FarrrThur 1 – Freemartin Heifer
A few weeks ago I showed you this image of twins in the Friday Favored…
…and then I never gave you an update on them because this mama broke out of the barn lot and took both of her babies with her. Seriously, she made a way where twasn’t one.
She’s heavily bonded to both. A. Mazing.
Since then, finding photo ops of these twins has been quite difficult. I think their rough start has made them extra wary – and then their mama probably taught them more wariness. In short, I can barely get within a hundred feet of them before they
ruin my photo op get up and run the opposite direction.
Anyhow, we had a second set of twins this spring and, amazingly enough, that mama cow also kept both calves.
Yea!! No bottle feeding!
Are you seeing the trend here? We’re amazed and thrilled when a cow keeps both twins and raises them herself. Typically, twinning means increased risk of dystocia and bottle feeding because cattle do not normally produce twins. It’s just not their species trend to have multiples much less raise them.
For the record, beef cattle twin maybe 1% of the time. Dairy cattle breeds twin more than beef breeds.
FYI: Goats do regularly twin, as do sheep, armadillos, giant pandas…
A freemartin heifer is an infertile twin to a bull calf.
Basically, after blood exchange in utero, the freemartin ends up carrying Y chromosome material that inhibits her reproductive development during gestation. Sometimes this results in visible traits, but usually, it is something you assume based on research indicating 95% of these heifers are infertile.
So, why do you need to know what a freemartin heifer is?
- Maybe for plain curiosity.
- Maybe for planning your own hobby farm or career switch to agriculture.
- Maybe for cattle industry camaraderie and a quick review.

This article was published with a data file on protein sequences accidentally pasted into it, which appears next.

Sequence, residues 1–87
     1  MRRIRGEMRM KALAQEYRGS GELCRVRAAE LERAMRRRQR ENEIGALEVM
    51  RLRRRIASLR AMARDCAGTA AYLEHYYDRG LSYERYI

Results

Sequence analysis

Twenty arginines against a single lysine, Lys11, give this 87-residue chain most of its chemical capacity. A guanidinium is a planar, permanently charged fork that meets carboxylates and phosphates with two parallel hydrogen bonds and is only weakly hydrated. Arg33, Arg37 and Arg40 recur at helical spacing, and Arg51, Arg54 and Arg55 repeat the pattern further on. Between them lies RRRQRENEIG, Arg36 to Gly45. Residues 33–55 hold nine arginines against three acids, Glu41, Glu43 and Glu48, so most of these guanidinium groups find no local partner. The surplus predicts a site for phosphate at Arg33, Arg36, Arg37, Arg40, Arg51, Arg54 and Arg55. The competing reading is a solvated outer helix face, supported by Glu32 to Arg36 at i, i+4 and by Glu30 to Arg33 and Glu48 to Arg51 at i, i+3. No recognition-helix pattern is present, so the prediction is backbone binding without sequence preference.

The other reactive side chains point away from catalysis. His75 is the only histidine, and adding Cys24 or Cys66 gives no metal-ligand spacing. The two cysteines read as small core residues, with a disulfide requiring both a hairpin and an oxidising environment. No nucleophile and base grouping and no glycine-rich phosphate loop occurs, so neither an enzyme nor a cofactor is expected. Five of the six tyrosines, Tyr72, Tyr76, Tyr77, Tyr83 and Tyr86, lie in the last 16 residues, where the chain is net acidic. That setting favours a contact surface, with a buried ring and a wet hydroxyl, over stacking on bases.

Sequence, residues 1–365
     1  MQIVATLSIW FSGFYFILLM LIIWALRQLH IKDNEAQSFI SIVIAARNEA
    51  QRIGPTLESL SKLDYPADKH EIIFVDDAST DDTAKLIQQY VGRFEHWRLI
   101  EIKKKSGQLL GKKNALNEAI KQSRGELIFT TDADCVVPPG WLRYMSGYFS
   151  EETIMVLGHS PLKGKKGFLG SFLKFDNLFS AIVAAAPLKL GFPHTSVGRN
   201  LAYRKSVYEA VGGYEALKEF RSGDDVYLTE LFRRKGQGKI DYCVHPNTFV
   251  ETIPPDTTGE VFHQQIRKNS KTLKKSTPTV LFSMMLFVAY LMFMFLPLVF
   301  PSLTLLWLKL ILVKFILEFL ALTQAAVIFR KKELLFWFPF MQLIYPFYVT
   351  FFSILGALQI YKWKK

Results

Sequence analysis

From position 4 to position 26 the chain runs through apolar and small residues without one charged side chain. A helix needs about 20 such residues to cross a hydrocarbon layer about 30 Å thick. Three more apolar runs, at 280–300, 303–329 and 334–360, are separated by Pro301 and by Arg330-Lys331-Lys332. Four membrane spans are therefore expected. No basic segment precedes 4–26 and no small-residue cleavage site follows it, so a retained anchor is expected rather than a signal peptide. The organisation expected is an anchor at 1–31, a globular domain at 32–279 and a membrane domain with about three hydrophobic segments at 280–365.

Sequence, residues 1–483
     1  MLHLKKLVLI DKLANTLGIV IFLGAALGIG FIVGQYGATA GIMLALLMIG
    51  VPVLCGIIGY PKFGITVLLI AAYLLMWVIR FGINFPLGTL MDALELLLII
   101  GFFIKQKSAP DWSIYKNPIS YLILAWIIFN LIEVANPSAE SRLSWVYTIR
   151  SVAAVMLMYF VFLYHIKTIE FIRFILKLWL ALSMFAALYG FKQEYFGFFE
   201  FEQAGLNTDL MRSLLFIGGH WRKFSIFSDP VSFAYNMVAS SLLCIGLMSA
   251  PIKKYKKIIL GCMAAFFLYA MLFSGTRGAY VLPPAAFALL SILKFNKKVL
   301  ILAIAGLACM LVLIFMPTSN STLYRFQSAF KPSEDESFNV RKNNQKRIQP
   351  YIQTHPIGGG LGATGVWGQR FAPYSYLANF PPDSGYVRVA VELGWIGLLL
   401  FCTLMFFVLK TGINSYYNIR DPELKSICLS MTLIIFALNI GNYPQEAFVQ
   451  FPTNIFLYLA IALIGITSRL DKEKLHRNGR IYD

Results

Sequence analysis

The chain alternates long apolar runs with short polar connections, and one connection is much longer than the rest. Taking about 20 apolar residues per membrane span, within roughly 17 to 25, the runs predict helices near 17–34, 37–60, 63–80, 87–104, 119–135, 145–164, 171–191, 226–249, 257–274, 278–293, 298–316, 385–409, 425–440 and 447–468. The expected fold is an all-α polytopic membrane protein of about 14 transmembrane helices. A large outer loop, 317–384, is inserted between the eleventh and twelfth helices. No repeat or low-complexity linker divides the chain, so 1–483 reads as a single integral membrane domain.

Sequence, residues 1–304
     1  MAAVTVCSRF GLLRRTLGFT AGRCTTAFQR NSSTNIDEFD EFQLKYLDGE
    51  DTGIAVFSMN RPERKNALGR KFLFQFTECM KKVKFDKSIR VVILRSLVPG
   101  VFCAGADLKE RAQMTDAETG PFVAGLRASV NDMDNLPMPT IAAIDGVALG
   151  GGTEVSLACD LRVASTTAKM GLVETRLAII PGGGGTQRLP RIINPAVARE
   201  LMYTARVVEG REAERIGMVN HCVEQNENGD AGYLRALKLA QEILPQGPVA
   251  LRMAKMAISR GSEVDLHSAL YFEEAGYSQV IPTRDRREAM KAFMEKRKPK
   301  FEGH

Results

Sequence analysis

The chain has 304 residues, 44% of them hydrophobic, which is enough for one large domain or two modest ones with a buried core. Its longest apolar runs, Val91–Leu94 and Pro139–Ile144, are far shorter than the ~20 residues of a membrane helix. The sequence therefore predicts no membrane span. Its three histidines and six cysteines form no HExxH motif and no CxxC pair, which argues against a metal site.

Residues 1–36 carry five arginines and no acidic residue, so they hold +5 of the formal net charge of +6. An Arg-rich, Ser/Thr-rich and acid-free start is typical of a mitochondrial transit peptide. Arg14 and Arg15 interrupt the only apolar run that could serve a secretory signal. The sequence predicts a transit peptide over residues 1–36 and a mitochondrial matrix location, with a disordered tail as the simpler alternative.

Whichever is the case, here’s how I approach twinning on the farm, particularly the discovery of a freemartin heifer.
A.) Check for gender of the twin pair:
If visual hiney (tail end) checking is not your thing, don’t worry, your farmer is checking for you.
Modesty is but a fleeting consideration on the pasture. The tails will inevitably swish. Wait for it.
That’s certainly a heifer on the right, and with a little more sunshine and swish on the left….
…we see bull parts.
Feel free to check twice. This is an important case to document. In fact, I have scouted this twin pair a few times since birth to make sure I see both of them nursing from the same cow and to reconfirm gender.
Make a note in your calf book of the mama cow having twins and, once you give the calves ear tags, link their numbers to the mama cow and note their genders.
What do you do with a freemartin heifer?
You could have her tested to see if she might be in the 5% that is fertile. For the most part in the beef industry, we assume infertility and this assumption guides both the commercial producer (meaning you raise beef for a living) and the hobby farmer. This freemartin heifer cannot build your herd. She does not have the physical capability of doing so. This means you won’t retain her as a replacement heifer (a heifer that you keep in order to add her to your cow herd once she has a calf).
So, do you sell or keep her until she is of age for processing (to be food for your family). If you decide to keep the heifer, then you may notice that her more feminine body will be smaller than a beef steer, so she may not yield the same amount of freezer beef as a comparable steer you’ve raised in the same amount of months in the past, but, most likely, the meat will taste the same. 🙂 Her freemartin status does not diminish her dignity as a food animal providing nourishment for your family.
If you plan to sell her, as a means of good business, notify your buyer of her status as a freemartin. Whether you are selling her one-on-one or at auction, inform the buyer that her main profitability in the future will be as food, not as a herd cow.
At auction, a freemartin can be entered in a “feeder calf” sale and your disclosure is inherent in the specificity of the sale. Feeder calf sales are for young cattle that will go directly into the food supply regardless of gender.